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Dear Polycount, roast my env art portfolio please!

So here's my artstation if you want to skip the sob story: https://www.artstation.com/serenah_art

I graduated from university in the UK in Sept 2017 with grand dreams of becoming an environment artist in the games industry. Unfortunately I had a long way to go before I was even close to industry standard, so I've spent the past 2 years working on my portfolio as best I can. In all that time I've had only two failed art tests and a handful of dead ends from recruiters. Not a single interview.

I would appreciate any criticism or tough love you can offer. I'd like to think my portfolio shows I have decent modelling and sculpting skills, that I can competently handle PBR workflows or traditional handpainted textures, that I'm comfortable with a game engine (UE4), and I understand the basics of lighting and building asset blueprints or materials. The most obvious thing I'm lacking is experience, but how can I get experience if I can't land a job? What else can I do? How do I improve?

Many of my peers from university have managed to get industry jobs, so I've been wondering if there's something beyond my portfolio that's letting me down, something I haven't considered? I'm 25 now, older than many graduates looking for entry level jobs, so is it my age that's the problem? Is it the fact I've been long term unemployed? Is it that I don't live near a major city where I can network? Is it my damn profile picture? Where am I going wrong??

To get a little personal, I have been really struggling to push myself forward recently. I am happier with the standard of my work now vs two years ago, but I think working on this long term investment for so many months with no results has badly affected my mental health, and I'm having trouble seeing any point in continuing to grind for no payoff. I'm starting to think I just don't have what it takes to "make it". Can anyone here help me figure out how to move forward or what to improve on?


  • defragger
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    defragger sublime tool
    It has nothing to do with age or any of that stuff you mentioned. It's solely about portfolio.

    Start a thread here on polycount where you showcase a new portfolio project and seek feedback while you work on that.

  • Carabiner
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    Carabiner greentooth
    Good advice above. For the SD materials, your thumbnails basically completely cover up the actual material with the "Substance Designer" text. Maybe put that below the thumbs so you can actually see them? I would also consolidate these into one "materials" project.
  • Alex_J
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    Alex_J high dynamic range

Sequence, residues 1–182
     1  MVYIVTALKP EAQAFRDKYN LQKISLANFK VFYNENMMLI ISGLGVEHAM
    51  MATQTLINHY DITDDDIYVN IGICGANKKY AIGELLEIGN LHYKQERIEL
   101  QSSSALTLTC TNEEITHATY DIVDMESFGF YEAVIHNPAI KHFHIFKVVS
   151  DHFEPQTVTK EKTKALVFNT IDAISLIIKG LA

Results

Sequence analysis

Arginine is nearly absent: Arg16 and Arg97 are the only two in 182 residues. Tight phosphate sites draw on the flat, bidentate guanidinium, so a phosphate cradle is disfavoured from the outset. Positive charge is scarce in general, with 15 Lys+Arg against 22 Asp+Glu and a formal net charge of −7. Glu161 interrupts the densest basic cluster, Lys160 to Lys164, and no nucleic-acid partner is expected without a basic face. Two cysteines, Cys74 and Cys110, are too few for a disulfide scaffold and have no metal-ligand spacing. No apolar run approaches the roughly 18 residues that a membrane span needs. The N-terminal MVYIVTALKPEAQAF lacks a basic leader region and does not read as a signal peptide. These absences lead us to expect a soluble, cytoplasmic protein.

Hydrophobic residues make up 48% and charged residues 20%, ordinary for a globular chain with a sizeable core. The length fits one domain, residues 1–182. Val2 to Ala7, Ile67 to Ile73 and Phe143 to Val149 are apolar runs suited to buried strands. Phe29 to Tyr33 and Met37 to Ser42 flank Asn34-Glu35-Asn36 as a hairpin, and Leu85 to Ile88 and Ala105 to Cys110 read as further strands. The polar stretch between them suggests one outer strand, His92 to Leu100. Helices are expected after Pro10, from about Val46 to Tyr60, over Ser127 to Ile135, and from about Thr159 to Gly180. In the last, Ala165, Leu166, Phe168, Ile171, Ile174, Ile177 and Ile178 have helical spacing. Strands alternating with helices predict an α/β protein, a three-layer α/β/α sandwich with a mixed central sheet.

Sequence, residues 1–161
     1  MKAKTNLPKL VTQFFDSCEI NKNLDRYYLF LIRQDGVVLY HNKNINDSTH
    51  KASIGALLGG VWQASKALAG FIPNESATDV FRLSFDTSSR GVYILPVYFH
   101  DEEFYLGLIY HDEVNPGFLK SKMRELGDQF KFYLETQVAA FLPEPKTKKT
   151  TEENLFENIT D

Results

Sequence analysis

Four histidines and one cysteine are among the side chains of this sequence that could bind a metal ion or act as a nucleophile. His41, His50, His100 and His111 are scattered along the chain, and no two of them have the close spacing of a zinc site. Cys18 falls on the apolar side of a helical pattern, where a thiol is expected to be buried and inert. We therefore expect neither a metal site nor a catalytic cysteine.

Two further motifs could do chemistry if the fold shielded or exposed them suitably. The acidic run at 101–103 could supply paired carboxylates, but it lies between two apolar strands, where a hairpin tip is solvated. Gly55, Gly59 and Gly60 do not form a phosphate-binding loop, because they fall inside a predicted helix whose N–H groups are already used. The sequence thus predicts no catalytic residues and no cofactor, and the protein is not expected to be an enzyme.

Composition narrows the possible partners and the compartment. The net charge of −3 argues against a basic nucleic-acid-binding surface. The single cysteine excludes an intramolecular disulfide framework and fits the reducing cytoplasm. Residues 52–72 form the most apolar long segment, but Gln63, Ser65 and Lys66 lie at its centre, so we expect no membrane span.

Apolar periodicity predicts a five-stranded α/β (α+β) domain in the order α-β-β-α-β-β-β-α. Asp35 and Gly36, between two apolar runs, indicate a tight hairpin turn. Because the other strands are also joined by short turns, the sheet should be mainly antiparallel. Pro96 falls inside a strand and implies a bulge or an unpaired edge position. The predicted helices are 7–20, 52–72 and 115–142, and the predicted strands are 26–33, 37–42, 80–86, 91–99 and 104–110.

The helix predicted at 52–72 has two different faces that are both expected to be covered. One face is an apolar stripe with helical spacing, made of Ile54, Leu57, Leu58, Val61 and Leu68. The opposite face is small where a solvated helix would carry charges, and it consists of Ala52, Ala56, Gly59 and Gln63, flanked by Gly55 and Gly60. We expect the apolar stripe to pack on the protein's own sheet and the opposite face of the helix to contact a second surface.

there is an enviro artist with name @Taylor Brown  who was doing some mentorship course, I forgot the name, maybe Clint Crumpler? Anyway this scene he's been working on has improved dramatically since he started so maybe he can tell you about that course.

    You've been doing this for awhile so you  probably know your programs well enough, just need the expert guidance to help train your eye for quality I'd expect.

    To me, your materials are the weak link. They kind of straddle between realism and stylization, lacking the confidence to be either or. If its realism you want, you simply need to put more time into them, paying careful attention to reference. If its stylization, I think you have to do something like make many simple stylized props with hand painted textures until you become very confident in your strokes, so to speak -- so that you don't end up giving into the urge to make things a little muddy or indistinct where you weren't confident in what you were doing. Speaking from my own recent dive into stylized painted textures, I find that when I'm not confident in my textures I tend to muddy them up and tell myself, "its just a little realism."

    It may make sense to break your training into two areas : full scenes with simple geometry and materials to focus on composition and lighting, and then small props to focus on nailing the materials. This way you can get many projects done more quickly, and thus make more mistakes to learn from.

    Here's example of scenes with super simple geometry, but with good lighting, color theory, and composition, they can be quite beautiful:

    one caveat though about that scene - I bought it and it's nowhere near properly optimized for games. But it could be...

    Just idea's don't take it as any more than random help from a random stranger.

  • Ashervisalis
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    Ashervisalis high dynamic range
    Hey, don't lose hope, keep on truckin! Here's some ideas;

    1) Take out the Pilgrimage Pavilion. It's not up to professional quality. You need to learn how to make colours work together, how to lead the viewers eyes, scene composition. Right now the prop placement is a bit of a mess and I really have no idea where to look. The colours are all muddied, and that could be because of the lighting.